Thus, the invention also includes, as another embodiment, a process for preparing higher oxo alcohols, by:

(1) selectively hydrogenating a reaction mixture obtained by hydroformylating isomeric olefins having from 5 to 24 carbon atoms;

(2) distilling the hydrogenation mixture from (1) into crude alcohol and low-boilers,

wherein the low-boilers comprise unreacted olefins from the hydroformylation of the isomeric olefins;

(3) hydroformylating the low-boilers from (2);

(4) selectively hydrogenating the hydroformylation reaction mixture from (3);

(5) distilling the hydrogenation mixture from (4) into crude alcohol and low-boilers;

(6) combining the crude alcohol from (5) with the crude alcohol from (2); and

(7) distilling the crude alcohol from (6) to obtain a purified alcohol,

wherein (1), (2), (3), (4), (5), (6) and (7) are conducted at the same time.

An essential difference between the two process procedures is that according to FIG. 1 only one selective hydrogenation 9 is provided in which the two catalyst-depleted hydroformylation mixtures 8 and 20 are hydrogenated, and only one distillation stage 11 in which the hydrogenation mixture 10 is separated, whereas according to FIG. 2 the second hydroformylation mixture 20 is hydrogenated in a second selective hydrogenation 22 and the hydrogenation mixture is separated in a second distillation stage 24. The variant according to FIG. 2 has higher capital costs because additional, but comparatively small apparatuses are required. In compensation, the olefin is more substantially utilized, since the low-boilers 16 according to FIG. 2 are smaller in quantity than the low-boilers 16 according to FIG. 1 and are in addition substantially free of olefins, whereas the low-boilers 16 according to FIG. 1 still comprise considerable amounts of olefins.

Hydroformylation

The starting materials for the hydroformylation are mixtures of monoolefins having from 5 to 24 carbon atoms and a terminal or middle-position C—C double bond, such as 1- or 2-pentene, 2-methyl-1-butene, 1-, 2- or 3-hexene, the isomeric C6 olefin mixture (dipropene) produced in the dimerization of propene, 1-heptene, 2- or 3-methyl-1-hexene, 1-octene, the isomeric C8 olefin mixture (dibutene) produced in the dimerization of butenes, 1-heptene, 1-nonene 2- or 3-methyl-1-octene, the isomeric C9 olefin mixture (tripropene) produced in the trimerization of 1-propene, 1-, 2- or 3-decene, 2-ethyl-1-octene, 1-dodecene, the isomeric C12 olefin mixture (tetrapropene or tributene) produced in the tetramerization of propene or the trimerization of butenes, 1-tetradecene 1- or 2-hexadecene, C16 olefin mixtures (tetrabutene) produced in the tetramerization of butenes, and olefin mixtures prepared by cooligomerization of olefins having different carbon numbers (preferably 2 to 4), if appropriate after separating off by distillation into fractions of identical or similar carbon number. Preferred starting materials are C8, C9, C12 or C16 olefin mixtures.

Well-known conditions for the hydroformylation in the two stages may be used. Rhodium catalysts or preferably in both stages cobalt catalysts are therefore employed, with or without complex-stabilizing additions, such as organic phosphines or phosphites. The temperatures and the pressures can vary within broad ranges, depending on catalyst and olefin mixture. Since the more reactive olefins react preferentially in the first stage, in the second hydroformylation stage, expediently, more energetic reaction conditions with respect to temperature, amount of catalyst etc. are established. For a given olefin mixture, the optimum conditions for the two hydroformylation stages may be established without difficulty by experiment A description of the hydroformylation of olefins is given, for example, in J. Falbe, New Syntheses with Carbon Monoxide, Springer-Verlag Heidelberg-New York, 1980, pages 99 ff., and in Kirk-Othmer, Encyclopedia of Chemical Technology, Volume 17, 4th edition, John Wiley & Sons, pages 902-919 (1996). Both of these publications are incorporated by reference.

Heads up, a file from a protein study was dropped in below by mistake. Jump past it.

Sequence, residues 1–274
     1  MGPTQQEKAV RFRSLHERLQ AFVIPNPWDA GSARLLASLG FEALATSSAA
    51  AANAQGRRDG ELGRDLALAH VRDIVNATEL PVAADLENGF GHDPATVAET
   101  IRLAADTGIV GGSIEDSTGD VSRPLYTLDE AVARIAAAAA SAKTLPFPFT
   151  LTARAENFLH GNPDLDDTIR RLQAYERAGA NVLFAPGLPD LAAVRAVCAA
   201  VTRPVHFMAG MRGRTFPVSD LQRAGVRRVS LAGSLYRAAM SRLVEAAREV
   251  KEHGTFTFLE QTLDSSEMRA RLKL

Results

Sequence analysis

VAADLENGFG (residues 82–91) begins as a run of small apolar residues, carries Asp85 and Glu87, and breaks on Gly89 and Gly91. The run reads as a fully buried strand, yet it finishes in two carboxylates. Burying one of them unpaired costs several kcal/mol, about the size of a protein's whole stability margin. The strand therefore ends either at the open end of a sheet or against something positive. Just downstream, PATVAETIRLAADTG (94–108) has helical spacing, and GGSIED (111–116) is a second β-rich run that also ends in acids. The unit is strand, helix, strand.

Generally, the hydroformylation is carried out in the first stage in such a manner that from 50 to 90%, preferably from 60 to 85%, of the fed olefin mixture is reacted. Obviously, the hydroformylation reactors and the other apparatuses must be designed accordingly.

The degree of conversion of the olefins in the first hydrofonnylation stage is restricted to the desired value by altering the hydroformylation reaction conditions appropriately. By selecting lower reaction temperatures and/or catalyst concentrations and shorter residence times, the olefin conversion rate in the reactor can be decreased. The degree of conversion of the olefins in the first reactor is determined on the basis of the amount and composition of the fresh olefin mixture 2 and of the amount and composition of the hydroformylation mixture 5. The overall degree of conversion is determined on the basis of the amount and composition of the fresh olefin mixture 2 and of the amount and composition of the discharged low-boilers (16 according to the both figures). To determine the olefin contents in the various mass streams, gas-chromatograpic analysis may be used.

Catalyst Removal

The hydroformylation reaction mixtures are, as described above, preferably first freed from catalyst. If a cobalt catalyst was used, this can be achieved by pressure reduction, separating off the aqueous catalyst phase, oxidizing with air or oxygen the cobalt carbonyl compounds remaining in the hydroformylation mixture and extracting the resulting cobalt compounds with water or aqueous acid. Decobalting processes are well known, see, for example, J Falbe, loc. cit., 164, 165 (BASF Process), Kirk-Othmer. loc. cit. and EP-0 850 905 A1 incoporated herein by reference. If a rhodium compound served as hydroformylation catalyst, it can be removed from the hydrofonnylation mixture as distillation residue by means of thin-film evaporation.